More on the sad state of print publishing for developers
People usually think of SourceGear as "Eric Sink's company",
but that's only half true. My business partner Corey Steffen has the same
ownership that I do -- he's just not as loud as I am.
Because Corey is sort of quiet, most people don't know much
about him. Here's a piece of information that I think is interesting: Corey
is an amateur farmer on the side.
Yep, Corey spends his days running a software company and
his off hours running a small farm. So he comes to work with stories about
chickens and sheep and horses and pastures. Oh my.
(It is interesting to note that Brian Harry, creator of SourceSafe and
Team Foundation Server, also has a passion
for farming. So Corey and Brian are two data points that suggest some sort
of a pattern involving version control and agriculture, but I dare not try to
Anyway, since Corey's life is such an odd juxtaposition of
two extremely different pastimes, folks here at the company tend to make the
occasional joke about it. In fact, Corey has been the recipient of merciless
but harmless teasing here for over a decade now. For some reason, the subject
just never gets old. When we get together for our company lunch on Wednesdays,
a joke about Corey getting up at 4:30am to clean out the horse stalls before he
comes to the office to clean out the bug database is probably a sure laugh.
Continuing in this fine tradition, one of our guys recently
found the following promotional card and brought it in for a quick joke at
"Hey Corey, I thought of you when I saw this magazine.
Maybe you should pick up a copy?"
That was funny.
And it got even funnier two seconds later when Corey
admitted that he was already a subscriber.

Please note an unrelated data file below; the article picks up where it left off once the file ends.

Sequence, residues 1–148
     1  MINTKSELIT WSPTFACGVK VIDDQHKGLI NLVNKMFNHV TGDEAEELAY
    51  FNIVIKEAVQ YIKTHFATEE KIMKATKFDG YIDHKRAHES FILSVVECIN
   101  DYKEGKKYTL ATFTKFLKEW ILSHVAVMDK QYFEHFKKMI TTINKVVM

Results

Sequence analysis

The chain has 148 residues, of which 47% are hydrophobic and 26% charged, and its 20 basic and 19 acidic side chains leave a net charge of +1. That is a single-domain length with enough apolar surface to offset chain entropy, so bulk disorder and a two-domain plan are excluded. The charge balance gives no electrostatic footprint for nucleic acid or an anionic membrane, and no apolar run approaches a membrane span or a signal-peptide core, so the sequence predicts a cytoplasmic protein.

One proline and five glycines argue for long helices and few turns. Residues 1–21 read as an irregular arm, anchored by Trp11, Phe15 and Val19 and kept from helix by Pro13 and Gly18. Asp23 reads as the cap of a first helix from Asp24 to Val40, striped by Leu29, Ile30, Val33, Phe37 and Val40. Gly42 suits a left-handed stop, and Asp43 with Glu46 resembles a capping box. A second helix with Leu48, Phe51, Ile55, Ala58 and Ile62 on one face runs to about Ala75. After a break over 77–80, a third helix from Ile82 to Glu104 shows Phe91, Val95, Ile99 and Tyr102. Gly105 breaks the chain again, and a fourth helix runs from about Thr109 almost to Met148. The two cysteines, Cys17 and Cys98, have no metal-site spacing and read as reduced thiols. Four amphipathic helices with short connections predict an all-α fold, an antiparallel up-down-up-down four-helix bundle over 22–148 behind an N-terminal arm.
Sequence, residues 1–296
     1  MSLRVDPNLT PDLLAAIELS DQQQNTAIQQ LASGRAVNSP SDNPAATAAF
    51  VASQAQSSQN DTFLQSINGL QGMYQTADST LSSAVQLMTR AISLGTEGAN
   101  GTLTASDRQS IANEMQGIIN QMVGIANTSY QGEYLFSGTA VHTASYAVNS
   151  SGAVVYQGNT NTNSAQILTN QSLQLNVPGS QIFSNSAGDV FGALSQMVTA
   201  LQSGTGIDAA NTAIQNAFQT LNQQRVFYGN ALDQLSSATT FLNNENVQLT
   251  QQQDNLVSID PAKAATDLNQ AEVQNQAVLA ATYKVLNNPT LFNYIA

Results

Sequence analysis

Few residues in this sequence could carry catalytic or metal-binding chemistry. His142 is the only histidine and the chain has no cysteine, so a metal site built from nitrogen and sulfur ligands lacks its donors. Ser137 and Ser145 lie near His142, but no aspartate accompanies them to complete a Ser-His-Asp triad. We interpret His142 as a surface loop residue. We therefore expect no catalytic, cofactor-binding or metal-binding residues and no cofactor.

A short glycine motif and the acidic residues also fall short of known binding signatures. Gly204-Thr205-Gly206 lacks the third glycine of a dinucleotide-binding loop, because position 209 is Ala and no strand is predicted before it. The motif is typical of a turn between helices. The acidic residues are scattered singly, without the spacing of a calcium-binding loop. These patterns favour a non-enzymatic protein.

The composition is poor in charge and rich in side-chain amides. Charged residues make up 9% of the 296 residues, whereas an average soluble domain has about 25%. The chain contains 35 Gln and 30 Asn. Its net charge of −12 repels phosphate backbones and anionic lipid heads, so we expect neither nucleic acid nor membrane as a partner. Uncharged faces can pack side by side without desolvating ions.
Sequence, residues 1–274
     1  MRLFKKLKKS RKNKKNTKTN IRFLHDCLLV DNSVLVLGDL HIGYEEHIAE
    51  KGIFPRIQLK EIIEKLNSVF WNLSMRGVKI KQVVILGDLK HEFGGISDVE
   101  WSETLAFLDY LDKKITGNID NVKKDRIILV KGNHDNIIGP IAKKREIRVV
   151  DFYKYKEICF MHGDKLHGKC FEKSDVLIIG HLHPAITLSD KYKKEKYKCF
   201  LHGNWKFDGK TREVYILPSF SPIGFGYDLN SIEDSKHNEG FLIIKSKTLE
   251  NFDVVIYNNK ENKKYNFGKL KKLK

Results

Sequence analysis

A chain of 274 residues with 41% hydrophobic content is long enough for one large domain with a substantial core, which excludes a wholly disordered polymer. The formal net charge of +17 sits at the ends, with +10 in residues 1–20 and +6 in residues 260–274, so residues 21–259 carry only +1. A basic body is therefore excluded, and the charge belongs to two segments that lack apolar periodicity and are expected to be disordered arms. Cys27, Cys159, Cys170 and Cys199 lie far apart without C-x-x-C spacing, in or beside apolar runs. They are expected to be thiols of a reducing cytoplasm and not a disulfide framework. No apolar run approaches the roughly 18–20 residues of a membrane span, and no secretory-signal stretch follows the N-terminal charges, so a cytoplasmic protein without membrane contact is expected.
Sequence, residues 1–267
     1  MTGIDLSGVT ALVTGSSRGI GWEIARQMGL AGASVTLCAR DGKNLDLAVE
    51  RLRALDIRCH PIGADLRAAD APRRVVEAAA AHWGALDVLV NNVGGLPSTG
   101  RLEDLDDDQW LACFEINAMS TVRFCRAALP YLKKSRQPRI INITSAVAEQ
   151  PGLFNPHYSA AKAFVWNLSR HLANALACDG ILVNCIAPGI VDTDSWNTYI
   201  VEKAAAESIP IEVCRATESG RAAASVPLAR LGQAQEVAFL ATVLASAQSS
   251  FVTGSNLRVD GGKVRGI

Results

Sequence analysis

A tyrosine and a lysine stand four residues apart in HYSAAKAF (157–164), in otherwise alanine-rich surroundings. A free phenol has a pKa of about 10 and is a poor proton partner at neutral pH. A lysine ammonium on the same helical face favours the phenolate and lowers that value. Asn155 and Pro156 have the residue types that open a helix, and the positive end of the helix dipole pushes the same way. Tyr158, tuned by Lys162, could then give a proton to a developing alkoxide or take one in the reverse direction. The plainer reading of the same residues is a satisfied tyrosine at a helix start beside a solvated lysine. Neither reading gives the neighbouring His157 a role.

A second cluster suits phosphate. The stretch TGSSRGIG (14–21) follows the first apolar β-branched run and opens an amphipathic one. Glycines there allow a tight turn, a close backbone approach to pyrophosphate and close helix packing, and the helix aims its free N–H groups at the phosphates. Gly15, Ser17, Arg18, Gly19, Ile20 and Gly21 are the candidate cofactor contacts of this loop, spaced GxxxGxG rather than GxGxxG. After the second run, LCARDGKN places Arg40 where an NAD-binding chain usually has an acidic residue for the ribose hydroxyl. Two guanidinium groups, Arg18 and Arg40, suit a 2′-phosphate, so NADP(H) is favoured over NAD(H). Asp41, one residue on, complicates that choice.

The next day, he brought in his copy of the most recent
I would like to be able to say that I took this in stride.
After all, I've known for years that Corey keeps chickens. I still remember
back in 1997 when Corey joined the company he told me that his chickens provide
them with 18 eggs every morning.
How does a family make use of 18 fresh eggs EVERY SINGLE
Anyway, seeing this magazine left me speechless. In part I
was surprised by yet another Green
Acres moment from Corey.
But mostly I was just shocked that this magazine exists. I
mean really. An entire print publication for people who raise chickens as a
hobby? That's what I call a niche. How does the publisher survive?
More to the point, how can this magazine be successful when Dr. Dobb's looks like it might be pushing up
daisies sometime before the World Series is over? Dr. Dobbs is arguably the
most prestigious developer magazine in our industry, but it hasn't been looking
any too healthy over the last year or so.
It's gotta be all about market penetration:
- In very rough and round figures, there are 3 million
software developers in the United States and 1% of them are subscribers to
- I have no idea how many people raise poultry in their
backyard, but I suspect my freshman chemistry class had more people.
However many it is, I bet well over 50% of them are subscribers to the
magazine shown above.
Most software developers no longer use content in paper
Andy Brice recently commented
on the poor sales of Charles Petzold's book on WPF 3D. This is another sign of
the major shift in our industry. Petzold was maybe the last of his breed.
Most authors gave up years ago on the idea that they could make a living from
writing alone. Until quite recently, Petzold was one of the few who still did,
and now even that appears to be changing.
Software development magazines and books are dying. You
already know this. I already know this. But I continue to be amazed at the
pace of this change. People resist change. Billions of dollars of VC money
has been lost by overestimating the willingness of people to embrace change.
In this case, I have underestimated it. Looking ahead ten more years, I wonder
how much smaller the "Computers" section at my local Borders bookstore will be.
They'll probably just fill the extra space with a bunch of
titles about backyard livestock management.